On the same day it issued the guidelines, the agency did, however, issue a letter that blessed one company’s plans to offer unregistered tokens for membership in a club for hiring private jets. The SEC did so in part because the company, TurnKey Jet, had pledged that none of the token proceeds would be used to fund the building of the token network, and also that the tokens would not trade outside TurnKey’s platform.

                                In response, the law firm Cooley published a note that likened TurnKey Jet’s tokens to streetcar tokens, and observed (perhaps wryly) that the SEC had made clear neither were securities.

                                According to critics, restrictions like the ones attached to TurnKey Jet negate the very reasons token projects are appealing in the first place. In the view of proponents, public token sales—which are tracked on shared ledgers known as blockchains—provide an inexpensive source of fund-raising, while the ability to exchange tokens on an external platform creates an important secondary market for tokens.

                                “It’s a way to incentivize those who go first. Remember how Uber and Airbnb paid more to their first group of drivers and hosts,” said the Washington, DC, lawyer.

                                Other crypto attorneys on Twitter made a similar case:

                                6/ If the United States truly believes that we need to promote the use of blockchain technology, then we cannot treat tokens in a way that neuters their fundamental and most valuable quality …

                                — Lewis Cohen (@NYcryptolawyer) April 3, 2019

                                13/ Because the no-action letter and the framework each contain "no-transferability" caveats, I don't immediately see how this advances the discussion or gives clarity to any entrepreneur who really needed it. Bummer.

                                — Marco Santori (@msantoriESQ) April 3, 2019

                                The new SEC guidelines also reaffirmed the agency’s recent conclusion that two well-known early examples of blockchain and token offerings, Bitcoin and Ethereum, are not securities on the grounds that they are decentralized. This finding, however, may frustrate the leaders of newer blockchain projects who believe they face a wall of regulatory obstacles the earlier projects did not.

                                Overseas options, looking to Congress

                                While the SEC’s pronouncements last week may have ruffled the feathers of the crypto industry, they were hardly unexpected. Albert Lung, a securities lawyer with Morgan Lewis, said the agency has been telegraphing its intentions for months in a series of speeches by senior officials.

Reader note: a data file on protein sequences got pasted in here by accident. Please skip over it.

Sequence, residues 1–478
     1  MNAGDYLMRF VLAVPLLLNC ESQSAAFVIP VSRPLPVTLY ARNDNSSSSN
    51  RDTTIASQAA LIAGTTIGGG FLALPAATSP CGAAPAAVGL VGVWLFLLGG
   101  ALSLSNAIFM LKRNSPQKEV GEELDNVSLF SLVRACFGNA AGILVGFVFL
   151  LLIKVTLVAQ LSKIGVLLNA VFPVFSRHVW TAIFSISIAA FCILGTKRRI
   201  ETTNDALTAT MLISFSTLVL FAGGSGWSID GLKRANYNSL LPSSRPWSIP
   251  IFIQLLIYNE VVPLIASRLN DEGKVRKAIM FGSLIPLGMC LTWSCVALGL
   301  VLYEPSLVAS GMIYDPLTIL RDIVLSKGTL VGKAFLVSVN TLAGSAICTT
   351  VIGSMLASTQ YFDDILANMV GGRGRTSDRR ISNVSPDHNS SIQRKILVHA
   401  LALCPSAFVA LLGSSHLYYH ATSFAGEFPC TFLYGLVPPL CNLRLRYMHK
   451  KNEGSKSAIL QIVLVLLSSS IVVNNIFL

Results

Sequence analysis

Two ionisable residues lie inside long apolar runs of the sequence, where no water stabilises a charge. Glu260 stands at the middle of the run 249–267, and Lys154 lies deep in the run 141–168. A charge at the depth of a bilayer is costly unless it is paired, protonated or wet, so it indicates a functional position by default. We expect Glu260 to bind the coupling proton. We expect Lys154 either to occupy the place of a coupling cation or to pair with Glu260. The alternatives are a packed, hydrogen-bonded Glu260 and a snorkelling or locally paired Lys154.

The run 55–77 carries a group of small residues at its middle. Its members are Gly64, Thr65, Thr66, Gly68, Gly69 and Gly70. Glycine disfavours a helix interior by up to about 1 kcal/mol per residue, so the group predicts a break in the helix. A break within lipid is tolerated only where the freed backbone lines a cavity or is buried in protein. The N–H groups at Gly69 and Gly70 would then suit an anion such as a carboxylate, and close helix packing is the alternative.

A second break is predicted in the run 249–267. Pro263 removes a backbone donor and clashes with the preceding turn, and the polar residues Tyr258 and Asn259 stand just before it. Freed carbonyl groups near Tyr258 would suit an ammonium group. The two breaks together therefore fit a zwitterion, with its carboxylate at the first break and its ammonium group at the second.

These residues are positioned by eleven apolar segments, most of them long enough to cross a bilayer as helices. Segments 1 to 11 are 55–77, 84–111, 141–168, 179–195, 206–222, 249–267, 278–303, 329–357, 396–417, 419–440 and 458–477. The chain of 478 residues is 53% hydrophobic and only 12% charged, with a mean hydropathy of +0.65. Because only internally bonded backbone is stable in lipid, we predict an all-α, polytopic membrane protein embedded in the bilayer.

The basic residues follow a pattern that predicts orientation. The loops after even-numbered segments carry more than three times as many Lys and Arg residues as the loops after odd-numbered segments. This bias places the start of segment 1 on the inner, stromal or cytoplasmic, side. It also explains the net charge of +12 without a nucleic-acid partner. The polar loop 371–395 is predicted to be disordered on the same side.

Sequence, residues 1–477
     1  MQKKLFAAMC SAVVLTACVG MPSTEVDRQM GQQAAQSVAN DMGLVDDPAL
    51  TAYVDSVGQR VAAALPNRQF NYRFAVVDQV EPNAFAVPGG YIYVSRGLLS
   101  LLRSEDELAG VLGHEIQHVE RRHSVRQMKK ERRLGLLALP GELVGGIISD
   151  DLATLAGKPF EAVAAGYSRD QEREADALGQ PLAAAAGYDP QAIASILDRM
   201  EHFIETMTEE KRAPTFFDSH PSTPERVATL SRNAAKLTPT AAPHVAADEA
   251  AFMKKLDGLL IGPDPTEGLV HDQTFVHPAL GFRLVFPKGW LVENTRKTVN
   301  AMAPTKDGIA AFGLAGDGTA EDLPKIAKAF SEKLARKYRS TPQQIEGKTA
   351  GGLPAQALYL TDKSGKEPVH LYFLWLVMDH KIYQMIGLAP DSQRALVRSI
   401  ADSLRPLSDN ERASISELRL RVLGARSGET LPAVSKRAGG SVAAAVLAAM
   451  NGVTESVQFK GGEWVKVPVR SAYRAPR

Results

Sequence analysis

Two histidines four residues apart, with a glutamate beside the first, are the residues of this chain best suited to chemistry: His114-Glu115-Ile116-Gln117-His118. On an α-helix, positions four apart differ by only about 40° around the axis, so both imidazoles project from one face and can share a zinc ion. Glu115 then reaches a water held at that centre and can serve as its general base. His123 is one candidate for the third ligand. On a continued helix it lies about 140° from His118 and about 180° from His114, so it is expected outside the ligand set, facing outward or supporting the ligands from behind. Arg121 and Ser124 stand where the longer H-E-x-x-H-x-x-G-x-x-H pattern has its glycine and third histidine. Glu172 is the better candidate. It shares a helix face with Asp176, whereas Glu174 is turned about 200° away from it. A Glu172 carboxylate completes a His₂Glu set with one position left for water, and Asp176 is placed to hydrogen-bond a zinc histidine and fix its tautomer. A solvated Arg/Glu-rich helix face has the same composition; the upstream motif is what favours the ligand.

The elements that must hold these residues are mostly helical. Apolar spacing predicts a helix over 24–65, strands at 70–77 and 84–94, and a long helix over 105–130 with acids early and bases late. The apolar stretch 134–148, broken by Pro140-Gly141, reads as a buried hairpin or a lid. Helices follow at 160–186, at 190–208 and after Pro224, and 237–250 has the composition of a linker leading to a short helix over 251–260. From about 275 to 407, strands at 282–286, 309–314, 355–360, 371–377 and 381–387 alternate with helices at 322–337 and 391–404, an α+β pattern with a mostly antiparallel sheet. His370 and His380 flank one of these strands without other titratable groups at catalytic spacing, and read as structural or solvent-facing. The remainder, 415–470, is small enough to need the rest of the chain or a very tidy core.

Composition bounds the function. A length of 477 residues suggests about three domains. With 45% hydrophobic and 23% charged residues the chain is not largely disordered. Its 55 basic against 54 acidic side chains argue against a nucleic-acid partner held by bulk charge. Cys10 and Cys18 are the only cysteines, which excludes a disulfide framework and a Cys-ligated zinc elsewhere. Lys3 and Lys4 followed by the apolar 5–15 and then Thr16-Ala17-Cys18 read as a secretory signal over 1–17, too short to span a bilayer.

Lung added that the new guidelines will nonetheless have a “huge chilling effect,” and will lead more crypto entrepreneurs to leave the U.S. and set up shop in places like Malta or Switzerland, where laws on token sales are far more permissive. He did not fault the SEC, though, saying the widespread fraud that has dogged token sales left the agency little choice.

                                All of this puts U.S. cryptocurrency startups in a difficult position. Their hopes of conducting a token sale to fund their projects are all but dashed in light of the new guidelines while the more traditional option—registering the securities and selling them in an Initial Public Offering—typically costs several million dollars in legal and auditing fees.

                                Lung says one alternative is a so-called “Reg A plus” offering, which describes a recent law that lets companies seeking to raise less than $50 million in public markets pursue a slimmed down IPO and registration process. He added that one of his clients is using this route for a token offering and that, while such filings are secret, he expects at least a dozen other startups are doing the same.

                                Token sellers using the “Reg A plus” route will eventually gain traction, according to Lung, but in the meantime such applications face a long-wait at the SEC—a problem for startups given that crypto-related technology is evolving rapidly, and delays risk making their projects obsolete.

                                Meanwhile, some are counting on Congress to intervene and help crypto companies face less burdensome demands from the SEC. A recent bipartisan bill, the Token Taxonomy Act, proposes, for instance, to carve out certain crypto offerings from the current definition of securities.

                                In an email, Rep. Warren Davidson (R-Oh), said, “The market needs clarity. While the idea of guidance from the SEC is good, this guidance creates new questions. Effective guidance can only come from Congress.”

                                The bill is currently stalled but the Blockchain Association, a Washington D.C. trade group, told Fortune they are pushing to reintroduce it soon.